North Dakota is all about energy production. The landscape in the Peace Garden State is thick with rocking oil derricks and its byways are clotted with oil tanker trucks. When one drives in at night from the west, Highway 83 just south of Minot is bordered with wind turbines whose string of eerie red airplane-warning lights look like a picket line of giant alien sentries 20 miles out. The hydroelectric Garrison Dam blocking the Missouri river is a graceful feat of engineering and the countryside is dotted with electric power generation plants rising on the prairies from the middle of vast open pit coal mines.
But for me, the most interesting feature of North Dakota’s energy landscape is the Great Plains Synfuels plant located near the town of Beulah, just south of Lake Sakakawea. “If you want to see what $4 billion can build in the middle of the prairie,” says Basin Electric communications director Darrell Hill, “it’s the Great Plains and the Antelope Valley electric station next door to it.” And the two are indeed an impressive sight. From a distance the gigantic coal gasfication plant with its enormous smokestacks billowing white clouds is an easy stand-in for William Blake’s “dark satanic mills.” That is until you learn that the Great Plains billows are essentially steam.
Why did I particularly desire to visit the Great Plains Synfuels plant? I have some small bit of personal history with it. Back in the late 1970s and early 80s, I was a low level federal natural gas regulator and a peripheral member of the team that was guiding the plant’s initial development at the Department of Energy (DOE). I functioned as a petty Igor to President Jimmy Carter’s energy Dr. Frankenstein. I was eager to see up close what I helped in some minor way bring to life. But besides my personal history, the Great Plains Synfuels plant stands as a very apt cautionary tale about massive energy projects promoted and financed by visionary presidents and their equally visionary helpmeets in Congress and in the federal energy bureaucracies.
The Great Plains Synfuels plant is a monument to our ancient Me Decade fears about foreign oil and impending energy shortages. The plant was a public/private project that aimed to demonstrate the commercial feasibility of turning copious quantities of lignite (the least energy dense form of coal) into natural gas. Today it transforms 18,000 tons of coal per day into 150 million cubic feet of natural gas and 150 million cubic feet of carbon dioxide using steam and oxygen. That's enough natural gas to supply the needs of 500,000 homes.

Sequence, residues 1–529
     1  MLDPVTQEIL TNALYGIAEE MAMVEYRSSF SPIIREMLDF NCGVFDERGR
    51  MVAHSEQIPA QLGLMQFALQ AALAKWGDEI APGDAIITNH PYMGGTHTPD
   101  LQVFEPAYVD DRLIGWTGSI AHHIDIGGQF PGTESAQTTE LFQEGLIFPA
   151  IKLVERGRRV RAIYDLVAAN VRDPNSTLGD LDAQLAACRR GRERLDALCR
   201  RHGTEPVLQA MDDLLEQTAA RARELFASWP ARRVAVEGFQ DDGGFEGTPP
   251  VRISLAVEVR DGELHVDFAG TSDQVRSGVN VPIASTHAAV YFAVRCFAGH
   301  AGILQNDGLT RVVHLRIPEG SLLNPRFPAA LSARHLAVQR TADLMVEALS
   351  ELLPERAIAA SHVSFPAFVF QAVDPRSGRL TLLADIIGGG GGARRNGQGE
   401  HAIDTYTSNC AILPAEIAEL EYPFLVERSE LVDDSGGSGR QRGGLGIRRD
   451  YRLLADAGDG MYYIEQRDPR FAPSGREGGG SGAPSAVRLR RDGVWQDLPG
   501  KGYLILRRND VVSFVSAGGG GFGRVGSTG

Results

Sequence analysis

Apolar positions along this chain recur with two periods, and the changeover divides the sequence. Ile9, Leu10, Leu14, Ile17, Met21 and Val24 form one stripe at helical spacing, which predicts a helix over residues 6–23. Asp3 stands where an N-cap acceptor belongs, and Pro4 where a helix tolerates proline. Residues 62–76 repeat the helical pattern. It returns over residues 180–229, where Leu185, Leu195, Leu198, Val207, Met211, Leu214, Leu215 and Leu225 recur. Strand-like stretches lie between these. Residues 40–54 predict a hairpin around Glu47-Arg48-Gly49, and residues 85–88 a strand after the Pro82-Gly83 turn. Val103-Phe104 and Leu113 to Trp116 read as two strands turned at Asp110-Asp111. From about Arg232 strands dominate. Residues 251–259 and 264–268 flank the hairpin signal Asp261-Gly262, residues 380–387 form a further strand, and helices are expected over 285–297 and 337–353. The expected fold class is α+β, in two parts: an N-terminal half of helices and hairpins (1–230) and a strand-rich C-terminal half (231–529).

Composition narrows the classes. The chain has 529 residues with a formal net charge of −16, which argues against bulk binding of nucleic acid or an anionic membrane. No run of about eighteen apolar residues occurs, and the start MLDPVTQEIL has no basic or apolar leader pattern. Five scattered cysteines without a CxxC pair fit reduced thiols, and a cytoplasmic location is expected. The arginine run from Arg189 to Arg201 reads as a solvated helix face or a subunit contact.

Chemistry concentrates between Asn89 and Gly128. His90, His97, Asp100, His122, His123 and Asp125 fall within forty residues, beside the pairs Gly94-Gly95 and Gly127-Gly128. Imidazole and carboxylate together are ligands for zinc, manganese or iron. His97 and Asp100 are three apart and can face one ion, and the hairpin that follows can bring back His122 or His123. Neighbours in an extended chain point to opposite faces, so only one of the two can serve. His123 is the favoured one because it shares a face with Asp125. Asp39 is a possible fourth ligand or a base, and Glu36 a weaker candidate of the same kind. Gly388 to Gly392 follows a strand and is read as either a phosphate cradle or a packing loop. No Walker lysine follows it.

Before arriving, I had arranged to join what I thought would be a tour of the facility. But when I got to the plant, it turned out that the public “tour” consisted of a 10-minute video extolling the heroic efforts to finance, build, and keep the plant open combined with a half-hour walk around a very nice $8 million 1/32nd scale model of the plant, with videos interspersed along the walls describing how various parts of the plant operate. Hardly the gritty hardhat on-the-ground experience I was looking for, but it certainly worked as a way to cage in a noisy reporter from a public policy magazine. I later asked Daryl Hill, who heads up public communications for the plant’s owner Basin Electric, about other reporting on the plant. He happily told me about the wonderful CBS 60 Minutes feature done by reporter Scott Pelley. I mentioned that Pelley probably got an actual tour of the plant. Hill had the grace to blush.
Even my iPhone was forbidden on the grounds that no photos should be taken. Michelle, the very nice tour guide, explained that curious members of the public and reporters couldn’t tour the plant itself or take any photos on orders from Homeland Security, even of the model.
I did pick up a good deal of history on my "tour," however. Construction of the plant was first proposed in 1978, just months after the creation of the new Department of Energy during the “energy crisis.” Natural gas production in the U.S. had been declining since 1971 and nationwide shortages were causing schools and factories to close in the winters as gas was diverted to home heating and cooking. The solution to the shortages? Import liquefied natural gas from Algeria and other places. To that end a number of liquefied natural gas terminals were built on the Atlantic and Gulf coasts. (I got to regulate those, too.)
The other solution was to turn coal into methane. In 1980, Congress created the Synfuels Corporation, endowing it with $20 billion with the goal of eventually building as many as 22 enormous coal gasification plants, each one producing 300 million cubic feet of natural gas per day. Since coal gasification was an unproven technology in the U.S., natural gas pipeline companies were reluctant invest in it. The federal government rushed to the rescue. The Department of Energy helped create a public/private partnership with five natural gas pipeline companies that agreed to put up 25 percent of the cost of building a demonstration plant while the government supplied the remaining 75 percent in the form of loan guarantees. Out of this bold alliance between business and government was born the hugely ambitious Great Plains Coal Gasification plant.